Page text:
Meanwhile, in China, authorities were making less credit available in an effort to let some of the air out of the bubble in Chinese banking, which has been fueled by the aggressive practices of the shadow banks. This spooked Asian markets and later world markets, which were already uneasy because of Bernanke’s comments, and the results were big stock market losses, bond market turmoil, and jitters that remain through today.
But this past week’s tremors only hint at the problems to come. These problems take several forms. The first is purely economic — the consequence of reversing the stimulus. Taking $10 trillion out of the economy will inevitably force up interest rates and, if not timed properly, could easily derail fragile recoveries. (Indeed, if Bernanke, who has managed much of this crisis masterfully, misplays this last phase, his repeated signaling of a coming turn in policy will rank right up there with Bush’s “mission accomplished” in the pantheon of premature declarations of success.)
The United States, where a recovery seems to be gaining steam and the economy is fundamentally strong, might be able to withstand a little bad timing or market skittishness. But other economies — economies that have benefited from the unprecedented global stimulus that was led by the Fed and the accompanying coordinated weakening of the major global currencies — might be much more vulnerable to such missteps. Places like Turkey, Brazil and Indonesia, not to mention weaker emerging markets, could feel the pinch more severely. Investors are already wondering aloud how much of their recent success has been a stimulus-fed sugar high. And because those countries are just now on the way up, still home to real inequality and unresolved structural challenges, the political consequences of the coming shift in global economic momentum could be quite serious. The political fragility in Turkey and Brazil, whose recent protests have important economic drivers (as did, of course, the Arab Spring uprisings), suggests how ominous this development could be. That reversal of the stimulus policies could negatively impact global commodity prices (as demand slows) will only compound the problem in emerging economies that depend on resource exports.
Of course, the most important emerging economy is China’s. The government there has begun — with remarkable swiftness for a new regime — to dial back its irrational-exuberance-with-Chinese-characteristics. But should it move too quickly or not quickly enough and/or should U.S. tightening increase pressure on the economy (as there are fewer dollars in the system to invest in potentially risky places like China), one of China’s several internal economic bubbles (banking, real estate, etc.) could burst. The resulting disorder could, in turn, spook global markets and particularly hurt emerging economies. And, again, economic crunches often produce political unrest. If that unrest were among disgruntled Chinese citizens in Chinese streets, it would have repercussions far beyond the borders of China. Indeed, a “Chinese Spring” would instantly be the biggest story in the world, a potentially epochal game-changer that would have the planet holding its breath. While Egyptian- or Turkish-style unrest may not seem imminent in China, President Xi Jinping seems to be conscious of the stakes, and his policies — like those of Brazil’s President Dilma Rousseff — suggest that he recognizes the need to address popular complaints about corruption, cronyism, and enduring inequities.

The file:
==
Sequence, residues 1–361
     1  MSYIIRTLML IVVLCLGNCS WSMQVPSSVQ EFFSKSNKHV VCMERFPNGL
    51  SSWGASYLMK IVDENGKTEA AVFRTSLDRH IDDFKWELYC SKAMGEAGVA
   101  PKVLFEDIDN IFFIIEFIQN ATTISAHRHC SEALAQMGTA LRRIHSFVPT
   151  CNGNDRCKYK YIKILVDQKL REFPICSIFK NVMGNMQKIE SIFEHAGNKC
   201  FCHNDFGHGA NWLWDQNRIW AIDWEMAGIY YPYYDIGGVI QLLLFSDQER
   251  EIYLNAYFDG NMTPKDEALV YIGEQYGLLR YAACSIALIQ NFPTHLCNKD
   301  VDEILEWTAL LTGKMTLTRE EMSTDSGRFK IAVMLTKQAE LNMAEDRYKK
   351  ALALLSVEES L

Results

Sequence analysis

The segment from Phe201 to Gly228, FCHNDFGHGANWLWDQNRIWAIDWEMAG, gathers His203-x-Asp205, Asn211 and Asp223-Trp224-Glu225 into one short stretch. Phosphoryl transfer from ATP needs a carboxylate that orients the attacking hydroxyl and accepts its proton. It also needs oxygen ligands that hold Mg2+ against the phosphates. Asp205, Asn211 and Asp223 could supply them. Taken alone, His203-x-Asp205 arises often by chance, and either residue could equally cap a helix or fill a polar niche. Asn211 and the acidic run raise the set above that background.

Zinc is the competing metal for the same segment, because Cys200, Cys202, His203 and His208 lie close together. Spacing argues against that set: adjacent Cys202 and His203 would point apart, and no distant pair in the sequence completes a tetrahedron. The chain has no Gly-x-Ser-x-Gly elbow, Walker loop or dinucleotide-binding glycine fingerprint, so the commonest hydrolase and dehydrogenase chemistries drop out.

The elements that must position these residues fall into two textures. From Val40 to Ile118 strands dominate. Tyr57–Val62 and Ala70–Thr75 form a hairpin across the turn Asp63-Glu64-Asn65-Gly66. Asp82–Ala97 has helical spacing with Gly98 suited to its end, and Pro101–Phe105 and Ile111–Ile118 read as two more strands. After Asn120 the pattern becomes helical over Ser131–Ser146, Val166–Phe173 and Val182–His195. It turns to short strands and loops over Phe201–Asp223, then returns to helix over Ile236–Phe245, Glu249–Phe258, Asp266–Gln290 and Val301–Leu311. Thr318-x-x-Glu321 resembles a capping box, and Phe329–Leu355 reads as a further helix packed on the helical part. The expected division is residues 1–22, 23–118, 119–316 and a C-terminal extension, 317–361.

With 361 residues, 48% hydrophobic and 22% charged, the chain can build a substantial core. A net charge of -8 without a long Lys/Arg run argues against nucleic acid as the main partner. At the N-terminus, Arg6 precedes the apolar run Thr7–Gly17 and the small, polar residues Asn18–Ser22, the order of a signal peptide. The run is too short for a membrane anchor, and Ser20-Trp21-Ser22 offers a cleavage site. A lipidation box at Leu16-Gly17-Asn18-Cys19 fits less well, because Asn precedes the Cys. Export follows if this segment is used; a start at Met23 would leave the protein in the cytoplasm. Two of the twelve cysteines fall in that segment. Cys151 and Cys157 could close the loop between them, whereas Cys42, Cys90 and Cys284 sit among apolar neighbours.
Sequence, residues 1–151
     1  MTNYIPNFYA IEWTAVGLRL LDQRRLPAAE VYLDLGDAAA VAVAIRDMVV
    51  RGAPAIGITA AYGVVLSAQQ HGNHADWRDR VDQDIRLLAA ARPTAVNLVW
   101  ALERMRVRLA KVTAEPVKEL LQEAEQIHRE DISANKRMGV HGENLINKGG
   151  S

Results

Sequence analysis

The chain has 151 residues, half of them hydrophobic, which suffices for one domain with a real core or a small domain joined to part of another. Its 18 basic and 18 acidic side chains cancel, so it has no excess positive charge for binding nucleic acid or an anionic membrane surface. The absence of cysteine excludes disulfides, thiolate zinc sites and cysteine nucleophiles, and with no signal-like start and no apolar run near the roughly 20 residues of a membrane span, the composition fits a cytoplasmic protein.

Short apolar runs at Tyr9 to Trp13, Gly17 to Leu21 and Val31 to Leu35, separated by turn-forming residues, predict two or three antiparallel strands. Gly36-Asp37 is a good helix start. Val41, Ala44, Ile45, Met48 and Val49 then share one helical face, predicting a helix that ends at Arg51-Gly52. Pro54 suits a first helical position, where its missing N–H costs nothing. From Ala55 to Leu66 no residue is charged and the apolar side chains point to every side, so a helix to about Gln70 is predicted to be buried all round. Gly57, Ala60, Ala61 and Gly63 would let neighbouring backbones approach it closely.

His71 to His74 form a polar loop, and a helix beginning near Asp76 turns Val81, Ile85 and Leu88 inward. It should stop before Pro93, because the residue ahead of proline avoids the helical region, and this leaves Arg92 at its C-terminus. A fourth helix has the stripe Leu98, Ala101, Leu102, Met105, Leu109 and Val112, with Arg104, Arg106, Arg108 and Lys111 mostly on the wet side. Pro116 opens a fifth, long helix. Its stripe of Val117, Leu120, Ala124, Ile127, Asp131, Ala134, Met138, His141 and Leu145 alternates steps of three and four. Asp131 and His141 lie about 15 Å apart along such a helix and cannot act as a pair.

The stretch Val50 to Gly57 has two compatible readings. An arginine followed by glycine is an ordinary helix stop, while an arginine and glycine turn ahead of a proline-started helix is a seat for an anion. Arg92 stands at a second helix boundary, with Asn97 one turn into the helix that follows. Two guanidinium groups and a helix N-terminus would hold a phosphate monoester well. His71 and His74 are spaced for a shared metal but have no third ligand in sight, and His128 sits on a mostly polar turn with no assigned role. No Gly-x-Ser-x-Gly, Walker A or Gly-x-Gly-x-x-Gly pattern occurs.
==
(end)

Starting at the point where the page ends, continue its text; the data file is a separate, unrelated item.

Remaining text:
Nonetheless, even with enlightened leaders, the international system has not evolved to the point that there are anything but informal mechanisms to help coordinate such a massive policy shift. We may all be in the same worldwide economic boat and leaders may be in touch with each other more than ever before, but domestic factors drive how monetary policies like these will play out, and therefore the possibility of misalignments is real.
In other words, change is on the horizon — change that could have economic and political consequences that touch every corner of the world. How the current crop of international leaders manages it will likely determine how history judges them. And the degree to which they realize that they are dependent on one another may be the decisive factor in their success or failure. That may be why I can’t get that damn shark music out of my head.
David Rothkopf is CEO and editor at large of Foreign Policy. He is the author of “Running the World: The Inside Story of the National Security Council and the Architects of American Power.”